Op-ed in DC paper: Existing dietary guidelines are “plain wrong” on carbs and fat

DGA wrong about carbs and fats

The headline speaks for itself:

The Hill: Government dietary guidelines are plain wrong: Avoid carbs, not fat

Dr. Sarah Hallberg makes a strong case for reform of the Dietary Guidelines for Americans in her compelling op-ed just published in The Hill, a popular newspaper and website covering public policy and politics from Washington, D.C.

Hallberg takes issue with the dietary guidelines’ failure to keep up with current nutrition research, in spite of their promise to be based on a review of current, high-quality scientific evidence. She writes:

The guidelines’ core message has always been that fats are bad and carbohydrates are good… The latest edition — released in 2015 — continues this theme. It recommends people eat relatively large servings of grains, including three to five servings of refined grains daily. And it lumps fats in with sugars as “empty calories.” It advises Americans to limit their saturated fat intake to just 10 percent of daily calories — without presenting evidence to support this figure.

This guideline advice contradicts modern nutrition science which shows that fats, including saturated fats, aren’t unhealthy. A dozen major literature reviews demonstrate that fat intake has little to no effect on death from cardiovascular disease.

Indeed, people who eat diets heavy in full-fat dairy products, including whole milk, experience lower rates of heart disease than people on low-fat diets, according to several reports, including a recent study published in the Lancet. Additionally, full-fat dairy has been associated with lower rates of obesity in children, teens, and adults.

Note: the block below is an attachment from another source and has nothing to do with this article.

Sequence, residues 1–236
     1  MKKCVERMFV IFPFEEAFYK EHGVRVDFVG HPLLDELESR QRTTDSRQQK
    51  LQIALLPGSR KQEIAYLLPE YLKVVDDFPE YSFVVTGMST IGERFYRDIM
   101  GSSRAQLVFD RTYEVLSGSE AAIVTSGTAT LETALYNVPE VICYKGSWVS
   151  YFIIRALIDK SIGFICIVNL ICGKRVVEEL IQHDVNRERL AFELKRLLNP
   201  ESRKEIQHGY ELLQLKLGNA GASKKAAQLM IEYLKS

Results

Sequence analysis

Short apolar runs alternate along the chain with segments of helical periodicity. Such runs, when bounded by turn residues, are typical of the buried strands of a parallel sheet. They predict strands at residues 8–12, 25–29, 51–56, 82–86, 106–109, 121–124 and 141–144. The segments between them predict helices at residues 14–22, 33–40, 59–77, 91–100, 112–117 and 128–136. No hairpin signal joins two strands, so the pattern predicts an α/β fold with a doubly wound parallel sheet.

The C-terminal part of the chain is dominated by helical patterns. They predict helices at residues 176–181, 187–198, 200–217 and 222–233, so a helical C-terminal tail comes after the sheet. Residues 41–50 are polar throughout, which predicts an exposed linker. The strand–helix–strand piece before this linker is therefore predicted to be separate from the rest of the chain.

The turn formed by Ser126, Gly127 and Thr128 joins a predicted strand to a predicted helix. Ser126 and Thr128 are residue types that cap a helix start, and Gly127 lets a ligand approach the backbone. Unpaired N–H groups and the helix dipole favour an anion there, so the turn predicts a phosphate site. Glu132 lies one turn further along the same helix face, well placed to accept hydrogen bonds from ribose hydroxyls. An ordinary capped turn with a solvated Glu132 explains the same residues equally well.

Meanwhile, research shows carbohydrates are much worse than originally assumed. Excessive carb intake is linked to diabetes, cancer, and heart disease. One meta-analysis published in the British Journal of Nutrition comparing low-fat diets to low-carb ones concluded that weight loss is greater with a low-carb diet.

Hallberg, a medical director of Virta Health (a venture capital-funded medtech startup dedicated to reversing type 2 diabetes) and board member of The Nutrition Coalition, testified before Congress last month, drawing attention to the large clinical trial she leads where she is reporting 60% reversal of type 2 diabetes. She is an important voice in the fight to spread the word about the efficacy of low-carb diets for treating type 2 diabetes. Her popular TEDx talk on this subject has been viewed by over four million people.

The raging obesity and diabetes epidemics make high-caliber, science-based guidelines all the more critical. In Dr. Hallberg’s words:

The guidelines are harming Americans, who have followed the government’s anti-fat, pro-carb message… We should have seen a drop in the rates of obesity, diabetes, and high blood pressure if the guidelines were scientifically sound — or at least rates should have stayed stable. Instead, they have skyrocketed.

Hallberg’s advocacy — her testimony before Congress, this powerful op-ed and other behind-the-scenes work — sends the message, loud and clear, to policymakers in DC. Let’s hope they are listening.

Earlier

Is 2020 the year for real change in the dietary guidelines?

Low-carb profiles: Dr. Sarah Hallberg

Thousands tell the USDA to update the outdated guidelines

Can cheese and butter protect against type 2 diabetes?

Guides

A low-carb diet for beginners

How to reverse type 2 diabetes

Dietary guidelines

Low carb

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